Kinect-based virtual reality training promotes brain reorganization after stroke

December 24, 2013

The Kinect-based virtual reality system for the Xbox 360 enables users to control and interact with the game console without the need to touch a game controller, and provides rehabilitation training for stroke patients with lower limb dysfunctions. Recently, a study team from the First Affiliated Hospital, Sun Yat-sen University in China has verified that Kinect-based virtual reality training could promote the recovery of upper limb motor function in subacute stroke patients, and brain reorganization by Kinect-based virtual reality training may be linked to the contralateral sensorimotor cortex. This study, reported in the Neural Regeneration Research (Vol. 8, No. 31, 2013), located the target brain region for Kinect-based virtual reality intervention and preliminarily explored the mechanism of the Kinect system for physical rehabilitation of upper limb dysfunction.
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Article: " Mechanism of Kinect-based virtual reality training for motor functional recovery of upper limbs after subacute stroke," by Yingli Zhang1, Wei Liang2, Shichang Yang3, Ping Dai4, Lijuan Shen5, Changhong Wang6 Xiao Bao1, Yurong Mao1, Qiang Lin1, Yunhai Qiu2, Shaozhen Chen1, Le Li1, Ryan S. Cates3, Shufeng Zhou3, Dongfeng Huang1 (1 Department of Rehabilitation Medicine, the First Affiliated Hospital, Sun Yat-sen University, Guangzhou 510080, Guangdong Province, China; 2 Key Laboratory of Health Informatics of Chinese Academy of Sciences, Shenzhen Institutes of Advanced Technology, Shenzhen 518055, Guangdong Province, China; 3 Department of Pharmaceutical Sciences, College of Pharmacy, University of South Florida, Tampa, FL 33612, USA)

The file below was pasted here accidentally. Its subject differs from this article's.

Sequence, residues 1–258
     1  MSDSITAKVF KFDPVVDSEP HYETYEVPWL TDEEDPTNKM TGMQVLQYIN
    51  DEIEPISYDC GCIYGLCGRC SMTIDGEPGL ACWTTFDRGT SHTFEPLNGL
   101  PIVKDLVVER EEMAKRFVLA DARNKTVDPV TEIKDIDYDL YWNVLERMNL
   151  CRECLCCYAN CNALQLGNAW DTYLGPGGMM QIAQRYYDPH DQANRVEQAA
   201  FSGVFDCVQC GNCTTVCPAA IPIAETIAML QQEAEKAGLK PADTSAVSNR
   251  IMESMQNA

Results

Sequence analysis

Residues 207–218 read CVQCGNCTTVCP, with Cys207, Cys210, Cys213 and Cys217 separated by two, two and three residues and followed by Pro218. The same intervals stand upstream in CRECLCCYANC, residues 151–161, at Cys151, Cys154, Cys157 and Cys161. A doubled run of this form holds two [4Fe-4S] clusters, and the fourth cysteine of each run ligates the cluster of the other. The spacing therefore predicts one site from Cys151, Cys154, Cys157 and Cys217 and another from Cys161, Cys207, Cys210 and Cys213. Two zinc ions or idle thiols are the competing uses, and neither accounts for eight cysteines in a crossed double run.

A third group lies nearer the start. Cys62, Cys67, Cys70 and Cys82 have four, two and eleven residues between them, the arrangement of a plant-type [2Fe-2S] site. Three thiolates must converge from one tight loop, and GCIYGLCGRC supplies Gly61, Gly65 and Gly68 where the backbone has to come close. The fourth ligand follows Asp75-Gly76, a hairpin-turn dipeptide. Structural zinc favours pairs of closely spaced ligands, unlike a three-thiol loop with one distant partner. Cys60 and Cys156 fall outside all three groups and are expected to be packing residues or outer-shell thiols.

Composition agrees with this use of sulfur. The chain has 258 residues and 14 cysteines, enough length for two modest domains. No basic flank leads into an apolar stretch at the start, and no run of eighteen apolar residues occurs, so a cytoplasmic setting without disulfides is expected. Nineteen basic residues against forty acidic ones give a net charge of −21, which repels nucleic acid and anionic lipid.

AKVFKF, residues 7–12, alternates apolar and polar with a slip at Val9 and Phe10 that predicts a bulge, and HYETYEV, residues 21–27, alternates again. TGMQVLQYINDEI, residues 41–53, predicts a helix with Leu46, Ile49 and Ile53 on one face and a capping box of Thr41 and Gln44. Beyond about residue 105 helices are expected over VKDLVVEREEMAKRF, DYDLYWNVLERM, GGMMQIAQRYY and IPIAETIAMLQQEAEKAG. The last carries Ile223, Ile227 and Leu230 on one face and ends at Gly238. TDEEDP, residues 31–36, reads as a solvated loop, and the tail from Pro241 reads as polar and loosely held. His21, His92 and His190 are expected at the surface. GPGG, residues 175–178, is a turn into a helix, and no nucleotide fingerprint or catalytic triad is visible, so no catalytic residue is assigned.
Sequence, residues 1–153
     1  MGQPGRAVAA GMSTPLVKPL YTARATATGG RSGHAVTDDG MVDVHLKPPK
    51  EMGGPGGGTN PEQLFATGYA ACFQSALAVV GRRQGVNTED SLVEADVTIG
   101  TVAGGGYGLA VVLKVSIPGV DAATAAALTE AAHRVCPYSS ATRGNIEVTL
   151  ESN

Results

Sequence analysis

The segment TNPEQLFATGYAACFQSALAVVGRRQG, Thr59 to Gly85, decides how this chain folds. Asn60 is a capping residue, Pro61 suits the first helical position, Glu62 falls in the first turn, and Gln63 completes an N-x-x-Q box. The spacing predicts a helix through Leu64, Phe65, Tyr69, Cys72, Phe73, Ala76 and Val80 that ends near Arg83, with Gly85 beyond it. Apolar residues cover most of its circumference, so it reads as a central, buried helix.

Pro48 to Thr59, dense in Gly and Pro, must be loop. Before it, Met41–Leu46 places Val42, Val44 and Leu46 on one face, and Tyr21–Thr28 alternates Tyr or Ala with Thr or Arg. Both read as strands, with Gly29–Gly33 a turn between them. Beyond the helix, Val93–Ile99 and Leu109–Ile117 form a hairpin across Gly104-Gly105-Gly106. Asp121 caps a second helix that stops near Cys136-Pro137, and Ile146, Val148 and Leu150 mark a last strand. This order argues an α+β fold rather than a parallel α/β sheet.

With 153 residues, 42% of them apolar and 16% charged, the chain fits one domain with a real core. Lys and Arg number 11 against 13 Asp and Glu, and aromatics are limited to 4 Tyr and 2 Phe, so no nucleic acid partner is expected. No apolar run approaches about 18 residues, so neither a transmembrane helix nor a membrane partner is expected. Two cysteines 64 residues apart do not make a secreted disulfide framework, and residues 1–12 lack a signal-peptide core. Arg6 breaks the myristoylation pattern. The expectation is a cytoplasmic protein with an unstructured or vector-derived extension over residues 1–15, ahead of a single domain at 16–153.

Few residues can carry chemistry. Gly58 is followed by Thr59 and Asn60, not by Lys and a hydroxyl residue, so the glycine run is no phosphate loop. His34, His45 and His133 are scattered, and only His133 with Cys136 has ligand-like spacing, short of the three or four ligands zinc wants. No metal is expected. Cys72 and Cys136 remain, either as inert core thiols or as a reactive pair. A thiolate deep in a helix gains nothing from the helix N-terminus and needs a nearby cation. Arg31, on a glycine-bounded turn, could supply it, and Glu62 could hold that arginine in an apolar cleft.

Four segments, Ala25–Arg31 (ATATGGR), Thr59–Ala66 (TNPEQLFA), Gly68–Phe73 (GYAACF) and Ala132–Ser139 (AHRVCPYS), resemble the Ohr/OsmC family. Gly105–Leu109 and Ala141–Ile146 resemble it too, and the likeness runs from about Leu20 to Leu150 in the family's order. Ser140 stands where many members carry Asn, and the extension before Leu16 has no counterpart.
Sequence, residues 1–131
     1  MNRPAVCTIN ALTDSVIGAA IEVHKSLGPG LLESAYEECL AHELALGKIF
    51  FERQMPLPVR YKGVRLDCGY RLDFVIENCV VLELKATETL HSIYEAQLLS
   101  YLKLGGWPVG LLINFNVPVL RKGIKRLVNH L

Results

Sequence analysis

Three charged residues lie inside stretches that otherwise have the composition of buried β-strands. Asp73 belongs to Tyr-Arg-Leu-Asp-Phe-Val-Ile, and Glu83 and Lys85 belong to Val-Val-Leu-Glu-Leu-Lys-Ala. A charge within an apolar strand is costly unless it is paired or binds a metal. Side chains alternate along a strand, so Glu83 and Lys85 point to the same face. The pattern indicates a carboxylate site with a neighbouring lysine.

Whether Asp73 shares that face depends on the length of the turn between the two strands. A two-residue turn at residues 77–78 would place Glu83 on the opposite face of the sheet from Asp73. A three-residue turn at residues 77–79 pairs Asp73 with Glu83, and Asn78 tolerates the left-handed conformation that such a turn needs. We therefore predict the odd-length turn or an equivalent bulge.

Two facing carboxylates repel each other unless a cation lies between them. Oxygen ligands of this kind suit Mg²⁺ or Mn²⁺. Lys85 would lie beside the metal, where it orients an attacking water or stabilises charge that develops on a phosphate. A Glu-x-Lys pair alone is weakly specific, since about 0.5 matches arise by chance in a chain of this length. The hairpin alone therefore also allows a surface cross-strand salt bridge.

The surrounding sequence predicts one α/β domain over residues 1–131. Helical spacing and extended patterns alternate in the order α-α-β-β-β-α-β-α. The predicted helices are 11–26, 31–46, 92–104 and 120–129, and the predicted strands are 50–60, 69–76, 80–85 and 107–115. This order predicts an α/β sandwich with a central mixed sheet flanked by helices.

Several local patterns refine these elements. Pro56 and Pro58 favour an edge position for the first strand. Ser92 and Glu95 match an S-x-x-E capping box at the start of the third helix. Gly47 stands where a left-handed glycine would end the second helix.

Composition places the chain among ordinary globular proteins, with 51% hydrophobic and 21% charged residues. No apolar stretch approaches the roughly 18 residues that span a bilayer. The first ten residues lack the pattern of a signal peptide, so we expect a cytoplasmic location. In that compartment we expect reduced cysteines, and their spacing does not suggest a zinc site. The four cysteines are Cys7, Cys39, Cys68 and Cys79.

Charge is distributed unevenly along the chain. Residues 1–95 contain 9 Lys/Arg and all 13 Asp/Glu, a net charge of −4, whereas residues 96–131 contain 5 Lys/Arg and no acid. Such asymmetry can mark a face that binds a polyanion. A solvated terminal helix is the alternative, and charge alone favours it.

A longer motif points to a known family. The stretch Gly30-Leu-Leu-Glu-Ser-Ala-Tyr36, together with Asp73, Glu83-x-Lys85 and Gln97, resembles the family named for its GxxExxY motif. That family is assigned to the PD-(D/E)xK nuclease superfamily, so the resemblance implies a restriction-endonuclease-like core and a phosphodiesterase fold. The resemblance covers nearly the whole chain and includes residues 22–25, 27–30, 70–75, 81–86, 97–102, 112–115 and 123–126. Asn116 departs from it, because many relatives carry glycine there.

Bao X, Mao YR, Lin Q, Qiu YH, Chen SZ, Li L, Cates RS, Zhou SF, Huang DF. Mechanism of Kinect-based virtual reality training for motor functional recovery of upper limbs after subacute stroke. Neural Regen Res. 2013;8(31):2904-2913.

Contact: Meng Zhao
eic@nrren.org
86-138-049-98773
Neural Regeneration Research
http://www.nrronline.org/

Full text: http://www.sjzsyj.org/CN/article/downloadArticleFile.do?attachType=PDF&id=764

Neural Regeneration Research

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